376-28500 Art since 1960   HU LA 3b, g

     Critically explores various avant-garde strategies used since 1960, when artists' practices radically changed. At that time, different working methods combining different media -- and challenging long-held notions of art, artists, society, and even reality -- were introduced. The question But is it art? is one of the central issues we'll debate. Focus on the so-called failure of modernist art, and how postmodernist, postcolonialist, and postfeminist issues define artistic practice today. Prerequisites: One course in the humanities or fine arts. 3 credits. (IRR)

376-29000 Technology Project in Art History   U NLA

    Practical experience in the design and implementation of digital-image, Web-based, or courseware projects for the teaching of art history. Under the direction of an art history faculty member, students undertake a specific computer-based technology project, gaining or using skills in software with particular relevance to the teaching of art or architectural history. Prerequisites: Sophomore standing or above; permission of instructor; approval of department chair. Pass/fail only. 1 credit. May be repeated for a total of 4 credits. Only 2 credits may count toward the art history major or minor. (F-S,Y)

376-30600 The Romantic Movement in British Art and Architecture   FA LA

     A study of the Romantic Movement in British art and architecture, 1790-1837. The course includes an analysis of the period's styles in painting and architecture, of the ideas that inspired them, and of the society that produced them. Emphasis is placed on first-hand study of buildings and works of art. Visits to galleries and museums; field trips. Prerequisites: One course in art history; two additional courses in the humanities and/or fine arts; sophomore standing or above. Offered only through the London Center. 3 credits. (S,Y)

376-30700 Victorian Art and Society   HU LA

     A study of painting, costume, furniture, and monuments in terms of artistic and social value. Field trips and visits to museums and galleries. Prerequisites: Three courses in the humanities and/or fine arts; sophomore standing or above. Offered only through the London Center. 3 credits. (IRR)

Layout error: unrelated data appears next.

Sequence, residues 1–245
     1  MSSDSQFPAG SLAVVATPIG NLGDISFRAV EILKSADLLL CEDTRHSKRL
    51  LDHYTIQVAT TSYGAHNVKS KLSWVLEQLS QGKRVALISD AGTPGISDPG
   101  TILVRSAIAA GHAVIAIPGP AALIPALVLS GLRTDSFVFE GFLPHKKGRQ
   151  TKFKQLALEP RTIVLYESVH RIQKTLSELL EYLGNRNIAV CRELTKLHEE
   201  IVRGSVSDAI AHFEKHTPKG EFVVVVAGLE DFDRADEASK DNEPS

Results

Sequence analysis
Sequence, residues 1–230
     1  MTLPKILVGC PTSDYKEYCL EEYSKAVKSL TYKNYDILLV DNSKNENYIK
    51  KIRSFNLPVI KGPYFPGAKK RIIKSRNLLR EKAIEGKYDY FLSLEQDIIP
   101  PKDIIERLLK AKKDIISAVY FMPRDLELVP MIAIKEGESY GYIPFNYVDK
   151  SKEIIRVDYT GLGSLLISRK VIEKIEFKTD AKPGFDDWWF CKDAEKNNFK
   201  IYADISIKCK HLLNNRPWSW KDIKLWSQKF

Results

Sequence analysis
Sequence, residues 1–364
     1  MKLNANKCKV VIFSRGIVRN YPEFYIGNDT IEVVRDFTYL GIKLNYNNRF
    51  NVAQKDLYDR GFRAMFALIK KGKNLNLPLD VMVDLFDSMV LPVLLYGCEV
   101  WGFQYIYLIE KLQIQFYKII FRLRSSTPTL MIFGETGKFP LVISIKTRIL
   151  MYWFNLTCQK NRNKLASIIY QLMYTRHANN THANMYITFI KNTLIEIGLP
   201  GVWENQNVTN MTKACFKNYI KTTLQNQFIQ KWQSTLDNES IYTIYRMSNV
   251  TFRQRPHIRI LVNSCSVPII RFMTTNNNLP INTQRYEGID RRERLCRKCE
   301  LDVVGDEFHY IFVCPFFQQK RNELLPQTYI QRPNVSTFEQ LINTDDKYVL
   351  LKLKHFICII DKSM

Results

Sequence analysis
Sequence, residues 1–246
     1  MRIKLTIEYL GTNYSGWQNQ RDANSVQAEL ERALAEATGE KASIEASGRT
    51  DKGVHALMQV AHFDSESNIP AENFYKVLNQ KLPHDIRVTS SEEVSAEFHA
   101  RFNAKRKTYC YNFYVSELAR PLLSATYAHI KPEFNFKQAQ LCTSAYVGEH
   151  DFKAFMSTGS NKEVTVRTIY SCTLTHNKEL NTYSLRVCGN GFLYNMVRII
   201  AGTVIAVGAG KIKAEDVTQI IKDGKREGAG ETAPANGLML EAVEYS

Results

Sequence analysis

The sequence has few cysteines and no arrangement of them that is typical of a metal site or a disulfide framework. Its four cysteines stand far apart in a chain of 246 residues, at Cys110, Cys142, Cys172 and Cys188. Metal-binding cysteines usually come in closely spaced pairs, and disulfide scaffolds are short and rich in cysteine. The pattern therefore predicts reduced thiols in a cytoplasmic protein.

376-31800 Memorable Cities   FA LA

     An investigation of the architecture and urban design of cities distinguished by their physical beauty or by their status as political, religious, or cultural capitals (e.g., Paris, Rome, Moscow, St. Petersburg, New York, Washington, Los Angeles, Tokyo, Kyoto). The objectives of the course are twofold: (1) to explore the components of successful city design by analyzing architectural ensembles and urban patterns, and (2) to analyze the ways in which political and cultural values are expressed in urban form. Prerequisites: Three courses in the humanities and/or fine arts; sophomore standing or above. 3 credits. (O)

376-32000 Sculpture at First Hand   FA LA

    An issues-oriented course dealing with actual sculpture on the Ithaca College and Cornell campuses. Discussions center on controversial issues, such as the public funding of outdoor sculpture, originals versus copies, and restoration and preservation. The course also addresses technical problems and historical issues. Prerequisites: Three courses in the humanities and/or fine arts, including at least one art history course; sophomore standing or above. 3 credits. (IRR)

376-33100 Studies in Art from Ancient to Renaissance   FA/HU LA

    Advanced studies of focused issues in the history of ancient, medieval, or Renaissance art. Specific course topic varies. May be repeated for credit for different topics. Prerequisites: Three courses in the fine arts or humanities, including at least one art history course; sophomore standing or above. Further prerequisites may be added according to the topic. 3 credits. (IRR)

376-33600 Late Renaissance Art in Italy   HU LA

     A study of the painting and sculpture of Leonardo, Michelangelo, Raphael, Titian, and other Italian artists of the 16th century. High Renaissance, mannerism, and the golden age of Venice are discussed as concepts, and works are considered in a cultural context. Prerequisites: Three courses in the humanities and/or fine arts, including one art history course; sophomore standing or above. 3 credits. (IRR)

376-34100 Women Artists and Cultural Change   HU LA

     A survey of women artists working from the Renaissance to the present with an emphasis placed on the interconnections between feminism and women's art. Prerequisites: Three courses in the humanities and/or fine arts; sophomore standing or above. 3 credits. (E)

376-34200 Images of Women in Western Art   HU LA

     An examination of women as subject matter in Western art and the cultural attitudes that various images of women reflect. Goddesses, saints, witches, queens, prostitutes, and mothers are among the topics of discussion. Prerequisites: Three courses in the humanities and/or fine arts; sophomore standing or above. 3 credits. (O)

376-35000 Studies in Art from Baroque to Modern   FA/HU LA

    Advanced studies of focused issues in art from the period between the 17th century and the present. Specific course topic varies. May be repeated for credit for different topics. Prerequisites: Three courses in the fine arts or humanities, including at least one art history course; sophomore standing or above. Further prerequisites may be added according to topic. 3 credits. (IRR)